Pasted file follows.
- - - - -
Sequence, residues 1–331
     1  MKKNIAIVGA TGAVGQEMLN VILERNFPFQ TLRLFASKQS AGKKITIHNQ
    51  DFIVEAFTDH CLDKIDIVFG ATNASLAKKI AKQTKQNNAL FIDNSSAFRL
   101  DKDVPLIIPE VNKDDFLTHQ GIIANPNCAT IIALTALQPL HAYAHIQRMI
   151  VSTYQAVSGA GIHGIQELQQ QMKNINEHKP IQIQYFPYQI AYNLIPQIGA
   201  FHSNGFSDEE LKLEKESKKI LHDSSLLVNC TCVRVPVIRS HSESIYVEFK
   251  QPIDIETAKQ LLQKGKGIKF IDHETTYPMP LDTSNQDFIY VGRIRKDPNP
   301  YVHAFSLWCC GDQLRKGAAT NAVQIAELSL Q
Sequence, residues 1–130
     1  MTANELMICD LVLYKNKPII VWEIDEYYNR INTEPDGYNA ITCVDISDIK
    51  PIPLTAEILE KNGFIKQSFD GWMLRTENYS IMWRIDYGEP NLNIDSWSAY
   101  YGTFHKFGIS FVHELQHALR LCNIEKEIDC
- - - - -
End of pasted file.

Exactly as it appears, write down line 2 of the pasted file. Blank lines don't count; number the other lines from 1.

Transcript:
     1  MKKNIAIVGA TGAVGQEMLN VILERNFPFQ TLRLFASKQS AGKKITIHNQ